Getting a tire fixed to get safely to one’s destination before meeting a professional to fix it, as might be the case, hasn’t been easier, thanks to rubber cement.
Likewise, being a cost-effective method, it’ll save you on a rainy day when you can’t afford a professional and can’t do with your car sitting helplessly in the garage.
The rubber cement can be applied to patches or rubber plugs, as the case might be. So, this guide will guide you on the right measure to use, whether a patch or a plug.
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What Is the Function of Rubber Cement in Tire Repair?
Rubber Cement is known for its lubrication properties and the ability to make for a better seal for vulcanizing.
Right Working Condition for Use of Rubber Cement
It’s best to work with rubber cement in a well-ventilated environment because it is hazardous when sniffed for a while, which may result in severe damage to the kidneys, lungs, and brain.
And due to its highly flammable nature resulting from ingredients such as trichloroethane, heptane, and acetone, you should try and keep away from any flame to avoid fire.
After using your rubber cement, it’s best to apply grease or Vaseline to the nozzle since they are better air sealants to prevent rubber cement from self-curing. At the same time, new rubber cement should be kept in tight, dry, and good conditions, mainly as prescribed by the manufacturer.
What To Do To Easily Follow Any Guide?
The first step is to get your Tire Repair toolkit ready. And this toolkit can be easily purchased from a physical or online store as may be convenient for you. For the most part, these are some of the components in most repair toolkits, they are:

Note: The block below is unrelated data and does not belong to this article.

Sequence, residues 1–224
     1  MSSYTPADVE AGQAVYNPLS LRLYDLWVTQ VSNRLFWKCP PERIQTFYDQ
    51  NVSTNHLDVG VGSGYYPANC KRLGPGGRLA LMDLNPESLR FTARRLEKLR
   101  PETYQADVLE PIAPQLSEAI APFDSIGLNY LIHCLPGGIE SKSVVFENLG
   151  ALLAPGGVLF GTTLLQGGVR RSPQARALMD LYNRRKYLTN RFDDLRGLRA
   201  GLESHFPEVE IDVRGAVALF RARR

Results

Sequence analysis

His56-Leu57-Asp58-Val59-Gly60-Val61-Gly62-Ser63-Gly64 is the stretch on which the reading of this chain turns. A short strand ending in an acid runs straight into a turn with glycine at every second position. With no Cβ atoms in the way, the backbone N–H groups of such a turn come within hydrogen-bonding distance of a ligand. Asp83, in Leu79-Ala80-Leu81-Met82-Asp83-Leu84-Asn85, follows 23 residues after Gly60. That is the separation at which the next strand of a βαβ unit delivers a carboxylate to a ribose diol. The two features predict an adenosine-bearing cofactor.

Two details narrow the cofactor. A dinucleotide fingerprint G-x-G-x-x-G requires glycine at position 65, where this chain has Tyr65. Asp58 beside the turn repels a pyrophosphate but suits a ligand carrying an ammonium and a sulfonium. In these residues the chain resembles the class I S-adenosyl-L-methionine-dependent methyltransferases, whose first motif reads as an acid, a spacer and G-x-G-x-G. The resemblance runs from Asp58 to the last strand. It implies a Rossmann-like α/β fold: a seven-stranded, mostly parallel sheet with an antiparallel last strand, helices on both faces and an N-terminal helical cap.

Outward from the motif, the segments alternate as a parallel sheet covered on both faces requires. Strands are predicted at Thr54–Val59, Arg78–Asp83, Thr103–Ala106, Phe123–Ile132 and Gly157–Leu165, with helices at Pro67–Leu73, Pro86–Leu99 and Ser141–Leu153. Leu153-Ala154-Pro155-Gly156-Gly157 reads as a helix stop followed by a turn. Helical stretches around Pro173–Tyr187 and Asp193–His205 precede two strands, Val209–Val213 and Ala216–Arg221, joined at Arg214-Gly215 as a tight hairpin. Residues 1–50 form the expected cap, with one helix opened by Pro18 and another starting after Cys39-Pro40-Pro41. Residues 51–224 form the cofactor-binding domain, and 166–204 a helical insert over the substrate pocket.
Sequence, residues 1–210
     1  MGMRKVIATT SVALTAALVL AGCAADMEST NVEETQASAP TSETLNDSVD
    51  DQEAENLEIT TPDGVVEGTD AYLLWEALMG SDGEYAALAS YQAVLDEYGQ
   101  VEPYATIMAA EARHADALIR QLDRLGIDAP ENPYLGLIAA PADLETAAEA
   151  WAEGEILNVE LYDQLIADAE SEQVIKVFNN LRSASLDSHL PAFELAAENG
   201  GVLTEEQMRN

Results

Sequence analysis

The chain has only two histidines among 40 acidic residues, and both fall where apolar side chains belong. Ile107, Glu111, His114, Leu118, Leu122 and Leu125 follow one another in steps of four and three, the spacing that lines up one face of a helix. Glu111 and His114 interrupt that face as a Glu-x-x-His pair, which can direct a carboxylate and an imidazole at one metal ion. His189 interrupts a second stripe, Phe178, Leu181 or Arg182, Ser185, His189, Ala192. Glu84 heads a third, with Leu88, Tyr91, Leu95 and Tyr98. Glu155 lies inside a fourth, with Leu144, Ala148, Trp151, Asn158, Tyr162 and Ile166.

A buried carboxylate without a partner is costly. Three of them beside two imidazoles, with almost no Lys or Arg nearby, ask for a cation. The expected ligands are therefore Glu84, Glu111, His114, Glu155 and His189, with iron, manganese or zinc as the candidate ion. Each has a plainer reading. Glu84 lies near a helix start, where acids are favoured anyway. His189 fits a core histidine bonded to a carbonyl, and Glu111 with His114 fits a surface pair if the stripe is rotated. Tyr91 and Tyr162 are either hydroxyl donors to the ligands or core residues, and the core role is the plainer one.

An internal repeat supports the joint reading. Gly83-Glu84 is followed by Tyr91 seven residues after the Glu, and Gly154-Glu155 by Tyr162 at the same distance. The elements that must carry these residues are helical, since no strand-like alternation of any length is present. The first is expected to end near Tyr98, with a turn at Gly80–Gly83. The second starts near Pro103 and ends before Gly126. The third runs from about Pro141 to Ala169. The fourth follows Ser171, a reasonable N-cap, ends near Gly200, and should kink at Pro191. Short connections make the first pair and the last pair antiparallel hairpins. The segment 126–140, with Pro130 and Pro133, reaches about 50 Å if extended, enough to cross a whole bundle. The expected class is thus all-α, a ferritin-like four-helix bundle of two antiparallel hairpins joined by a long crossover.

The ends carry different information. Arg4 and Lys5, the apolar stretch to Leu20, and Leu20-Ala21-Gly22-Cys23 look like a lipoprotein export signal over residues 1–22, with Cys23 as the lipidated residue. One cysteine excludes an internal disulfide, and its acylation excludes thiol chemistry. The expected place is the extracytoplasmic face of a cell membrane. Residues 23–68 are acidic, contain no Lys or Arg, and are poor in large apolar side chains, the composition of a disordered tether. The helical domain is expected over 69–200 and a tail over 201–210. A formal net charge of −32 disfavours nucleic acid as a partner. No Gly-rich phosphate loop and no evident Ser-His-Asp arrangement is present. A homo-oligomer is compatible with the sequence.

- Patch/Rubber plug strip
- Needle nose plug
- Self-vulcanized plug
Should I Get Another Tire, Or Is It Still Repairable?
The picture above is self-explanatory on a repairable tire or one that should be replaced outright.
Repairable Areas in a tire are areas spanning across the threaded parts of the tire. While Unrepairable parts are an area of the side wall close to the rim, once you notice such a part is punctured or torn, you’re better off procuring another tire.
Another essential factor to consider is what repair part would be practical once it falls in the repairable area, as explained above.
When the cause of the puncture is a nail, screw, or any sharp object that bores a hole and this hole is narrow, then you should make use of a plug. But when the hole is large, a patch would be more effective and in cases where you have an irregular spot, think of tackling the issue by patching.
Meanwhile, patches work well only if the puncture is less than a quarter-inch in diameter and there’s no other patch close to the punch or tear.
Why Do You Let Rubber Cement Dry?
Keeping rubber cement in a solvent solution allows it to be easily spread on a patch or rubber plugs and used as an adhesive. Once dried, rubber cement evaporates and makes for a better seal, as the rubber parts left behind after evaporating are an excellent bonding material.
How Long Would A Rubber Cement Takes To Dry?
Rubber Cement would take at most 3 minutes to dry in sunny and dry weather. However, any conditions other than this, one should make sure to make the place well-ventilated to speed up the drying time and to keep one safe from the hazardous nature.
How Long Will Rubber Cement Last?
Many users have affirmed that rubber cement in tire repairs is effective and doesn’t affect tire lifespan.
We believe there are various specifications for different tires specified by the manufacturer. To be clear, I’ll advise you to stick to the manufacturer’s advice, but we can’t be sure you install the tire correctly. You can take tires to professionals so they can run a check to see if things like wheel balancing and alignment are in the right and perfect condition.